Teen violin prodigy is latest casualty of ‘Calvin Klein’ drug craze


A lethal cocktail of drugs known as “Calvin Klein” has swept the nightclub scene amid reports that a 17-year-old London-born violin prodigy died from the dangerous combination.

Experts warn that “Calvin Klein” binges, which involve ketamine and cocaine, “wreak havoc on the brain’s chemical system and can greatly impair overall brain functioning,” according to a site dedicated to treating ketamine substance abuse.

The party drug — with Calvin standing for cocaine and Klein referring to ketamine — produces a euphoric high similar to ecstasy, users claim.

The US National Center for Biotechnology Information said that the deadly mix has become “popular among young drug abusers” and has been associated with an “increased risk of human immunodeficiency virus (HIV) infection,” though the study didn’t provide an explanation for the link.

The drug combo killed Katya Tsukanova, who fatally collapsed June 18 at her Kensington home from an apparent overdose — and her family is now warning others about the drug craze, the Telegraph reported.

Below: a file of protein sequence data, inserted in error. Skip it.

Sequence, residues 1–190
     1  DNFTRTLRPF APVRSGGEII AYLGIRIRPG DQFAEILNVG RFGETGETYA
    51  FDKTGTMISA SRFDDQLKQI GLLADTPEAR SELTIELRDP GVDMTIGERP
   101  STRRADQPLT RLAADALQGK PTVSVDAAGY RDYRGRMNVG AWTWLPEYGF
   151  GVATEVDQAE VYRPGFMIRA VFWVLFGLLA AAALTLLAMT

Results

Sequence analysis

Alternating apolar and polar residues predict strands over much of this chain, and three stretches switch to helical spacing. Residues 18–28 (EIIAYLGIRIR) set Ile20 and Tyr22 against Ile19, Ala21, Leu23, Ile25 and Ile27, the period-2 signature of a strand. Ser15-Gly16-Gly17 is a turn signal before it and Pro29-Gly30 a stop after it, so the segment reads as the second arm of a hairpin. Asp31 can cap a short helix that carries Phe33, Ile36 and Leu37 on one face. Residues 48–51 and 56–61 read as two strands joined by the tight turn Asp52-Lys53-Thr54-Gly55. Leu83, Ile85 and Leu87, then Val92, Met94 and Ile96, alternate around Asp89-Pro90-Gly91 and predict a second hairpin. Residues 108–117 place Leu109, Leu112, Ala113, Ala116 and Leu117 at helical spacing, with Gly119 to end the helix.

Her Russian billionaire father, Igor Tuskanov, said his daughter was a “smart girl, and she made one bad choice” as the drug’s popularity surges with young people.

“What can we parents do? The children will do what they want anyway, and they never tell you the truth,” he told the news outlet.

The late teen’s pal, who asked to remain anonymous, said that the drug combo was the “new thing among Katya and her friends.”

“Not just them though — it’s everywhere,” the friend told the Telegraph.

In the wake of the violinist’s death, social media users questioned whether the party drug’s “sexy name” played a role in its popularity.

“They should call it grim reaper to discourage kids,” one Twitter user wrote.